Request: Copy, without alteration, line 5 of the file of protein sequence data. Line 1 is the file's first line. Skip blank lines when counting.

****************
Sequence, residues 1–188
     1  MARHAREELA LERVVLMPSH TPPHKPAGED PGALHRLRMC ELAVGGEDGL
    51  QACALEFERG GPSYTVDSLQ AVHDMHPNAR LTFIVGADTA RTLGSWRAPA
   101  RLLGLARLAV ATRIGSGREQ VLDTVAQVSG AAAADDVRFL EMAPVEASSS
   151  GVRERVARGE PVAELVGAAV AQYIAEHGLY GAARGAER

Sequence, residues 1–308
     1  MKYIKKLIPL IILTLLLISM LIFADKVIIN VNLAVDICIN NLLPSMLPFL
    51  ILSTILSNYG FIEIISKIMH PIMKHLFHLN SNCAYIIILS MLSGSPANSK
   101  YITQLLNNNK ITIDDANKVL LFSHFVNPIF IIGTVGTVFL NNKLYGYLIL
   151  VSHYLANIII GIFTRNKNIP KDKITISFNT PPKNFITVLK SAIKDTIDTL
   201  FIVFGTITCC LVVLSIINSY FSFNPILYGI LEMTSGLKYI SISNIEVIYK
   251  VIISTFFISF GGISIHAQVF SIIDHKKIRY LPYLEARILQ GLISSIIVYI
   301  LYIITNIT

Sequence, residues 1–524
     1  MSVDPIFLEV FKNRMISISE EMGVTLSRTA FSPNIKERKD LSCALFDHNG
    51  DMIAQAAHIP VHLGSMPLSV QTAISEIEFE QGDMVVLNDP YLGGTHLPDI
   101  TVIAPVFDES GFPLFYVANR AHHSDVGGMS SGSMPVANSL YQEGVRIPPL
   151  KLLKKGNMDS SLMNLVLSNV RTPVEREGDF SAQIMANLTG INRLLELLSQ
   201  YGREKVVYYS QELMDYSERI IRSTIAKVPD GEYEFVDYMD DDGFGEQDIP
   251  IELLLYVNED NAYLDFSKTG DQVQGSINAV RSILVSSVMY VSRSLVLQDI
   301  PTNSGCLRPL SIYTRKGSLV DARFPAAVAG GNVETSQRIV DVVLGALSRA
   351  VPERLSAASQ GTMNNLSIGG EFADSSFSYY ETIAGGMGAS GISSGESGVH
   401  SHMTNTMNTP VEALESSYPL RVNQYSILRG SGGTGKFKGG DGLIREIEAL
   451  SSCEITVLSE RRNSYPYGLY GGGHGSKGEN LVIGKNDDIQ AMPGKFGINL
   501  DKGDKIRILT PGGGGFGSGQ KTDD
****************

   151  GVRERVARGE PVAELVGAAV AQYIAEHGLY GAARGAER